In thefirst partof this post, I discussed how the post-industrial world and its associated ills have created the modern fascination with the apocalypse. Since this fringe-turned-pop culture movement is based in fantasy and imagination, rather than actual experience, it has given birth to a number of fallacies.
Riots in Buenos Aires, 2001
In 2001, the Argentine government defaulted on its loans and un-pegged the peso from the dollar, resulting in a swift devaluation. Along with the lead up to these events – high unemployment, unavailability of credit, a loss of faith in public institutions and rampant inflation, more than half the country was plunged into poverty, looting and riots.
After some research on the experiences of Argentines in a post economic collapse environment, I’ve summarised some of the misconceptions about what surviving entails. (more…)
Society has undergone a process of democratization. Whereas once one’s parents’ occupation, and one’s own, as well as corresponding tastes, speech, dress and mannerisms could designate one as ‘blue collar’, ‘middle class’ or ‘upper-middle’, the economy has undergone such a restructuring that it’s longer possible to reliably estimate a person’s background and lifestyle having only observed one or two of these markers.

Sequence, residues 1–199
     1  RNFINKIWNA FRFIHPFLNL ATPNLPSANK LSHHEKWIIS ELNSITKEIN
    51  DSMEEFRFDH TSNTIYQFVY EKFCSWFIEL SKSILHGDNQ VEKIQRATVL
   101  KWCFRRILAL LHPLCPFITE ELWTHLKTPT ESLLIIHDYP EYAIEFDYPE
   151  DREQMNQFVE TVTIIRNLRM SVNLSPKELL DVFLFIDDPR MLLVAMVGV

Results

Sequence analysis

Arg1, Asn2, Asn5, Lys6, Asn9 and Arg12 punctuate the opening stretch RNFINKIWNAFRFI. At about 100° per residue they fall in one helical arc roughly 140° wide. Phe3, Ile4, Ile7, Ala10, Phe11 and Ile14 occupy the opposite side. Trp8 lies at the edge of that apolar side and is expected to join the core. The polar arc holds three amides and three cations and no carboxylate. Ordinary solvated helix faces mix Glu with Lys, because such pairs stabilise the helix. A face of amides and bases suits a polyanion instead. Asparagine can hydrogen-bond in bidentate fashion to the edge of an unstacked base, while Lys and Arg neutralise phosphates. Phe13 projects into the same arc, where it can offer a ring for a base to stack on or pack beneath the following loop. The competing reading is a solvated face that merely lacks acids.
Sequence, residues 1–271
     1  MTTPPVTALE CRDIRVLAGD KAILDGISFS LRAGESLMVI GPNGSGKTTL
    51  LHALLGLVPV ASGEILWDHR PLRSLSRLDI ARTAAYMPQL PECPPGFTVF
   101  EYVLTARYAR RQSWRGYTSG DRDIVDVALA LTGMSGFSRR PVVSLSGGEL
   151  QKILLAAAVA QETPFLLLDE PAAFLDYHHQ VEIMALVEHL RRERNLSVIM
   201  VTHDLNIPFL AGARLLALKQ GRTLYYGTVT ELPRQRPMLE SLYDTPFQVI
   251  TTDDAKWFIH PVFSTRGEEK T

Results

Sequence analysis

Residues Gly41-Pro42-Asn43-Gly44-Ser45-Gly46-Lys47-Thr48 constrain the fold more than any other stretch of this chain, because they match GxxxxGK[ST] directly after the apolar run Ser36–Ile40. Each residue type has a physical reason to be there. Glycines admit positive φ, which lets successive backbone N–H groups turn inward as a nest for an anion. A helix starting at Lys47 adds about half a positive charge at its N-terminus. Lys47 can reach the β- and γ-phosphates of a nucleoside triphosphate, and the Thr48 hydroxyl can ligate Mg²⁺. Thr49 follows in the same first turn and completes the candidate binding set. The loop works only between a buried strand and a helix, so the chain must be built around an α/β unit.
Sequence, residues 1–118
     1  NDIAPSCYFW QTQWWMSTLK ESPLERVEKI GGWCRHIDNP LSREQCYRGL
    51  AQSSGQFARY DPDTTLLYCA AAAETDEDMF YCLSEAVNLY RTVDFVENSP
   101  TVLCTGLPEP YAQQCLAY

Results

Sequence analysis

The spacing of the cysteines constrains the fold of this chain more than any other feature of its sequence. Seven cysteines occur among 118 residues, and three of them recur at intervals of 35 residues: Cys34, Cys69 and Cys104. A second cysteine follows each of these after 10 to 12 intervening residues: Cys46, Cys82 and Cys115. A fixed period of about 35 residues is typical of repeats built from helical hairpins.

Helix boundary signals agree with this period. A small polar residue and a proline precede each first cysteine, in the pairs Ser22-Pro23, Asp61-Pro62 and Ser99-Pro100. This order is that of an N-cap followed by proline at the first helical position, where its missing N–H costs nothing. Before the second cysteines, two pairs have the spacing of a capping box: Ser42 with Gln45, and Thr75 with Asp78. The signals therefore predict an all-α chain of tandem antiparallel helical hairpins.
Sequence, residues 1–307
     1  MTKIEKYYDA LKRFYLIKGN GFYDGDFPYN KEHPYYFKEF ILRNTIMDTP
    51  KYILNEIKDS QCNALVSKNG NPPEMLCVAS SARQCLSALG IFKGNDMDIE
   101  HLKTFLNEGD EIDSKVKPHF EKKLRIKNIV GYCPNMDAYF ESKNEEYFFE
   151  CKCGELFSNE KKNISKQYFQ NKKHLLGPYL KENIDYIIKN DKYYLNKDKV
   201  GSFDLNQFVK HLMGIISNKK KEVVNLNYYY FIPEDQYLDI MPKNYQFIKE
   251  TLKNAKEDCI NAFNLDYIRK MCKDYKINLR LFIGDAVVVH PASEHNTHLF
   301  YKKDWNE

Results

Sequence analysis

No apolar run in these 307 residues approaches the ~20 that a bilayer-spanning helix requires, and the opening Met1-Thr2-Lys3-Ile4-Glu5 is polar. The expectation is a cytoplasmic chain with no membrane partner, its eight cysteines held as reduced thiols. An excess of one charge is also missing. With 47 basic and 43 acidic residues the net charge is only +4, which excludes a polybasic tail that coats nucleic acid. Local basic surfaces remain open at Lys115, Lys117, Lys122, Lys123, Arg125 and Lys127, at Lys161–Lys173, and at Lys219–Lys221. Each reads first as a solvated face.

My inspiration for this post/review comes from heretical economist Aaron Clarey, and his book, Worthless. There is a growing awareness in non-mainstream circles of the wholesale rort that is higher education. In the seventies and earlier, it was the case that a large percentage of high school students would only study until the tenth grade – from which point they would study a trade, or work in a family business. Students that showed academic promise would finish their twelfth or thirteenth year, and could go on to attend university to become a professional, academic or teacher. Masters and First-class honours, let alone PhDs were exceedingly rare, and accordingly had value, to those who completed them and those around them who admired higher learning and research. How times have changed! (more…)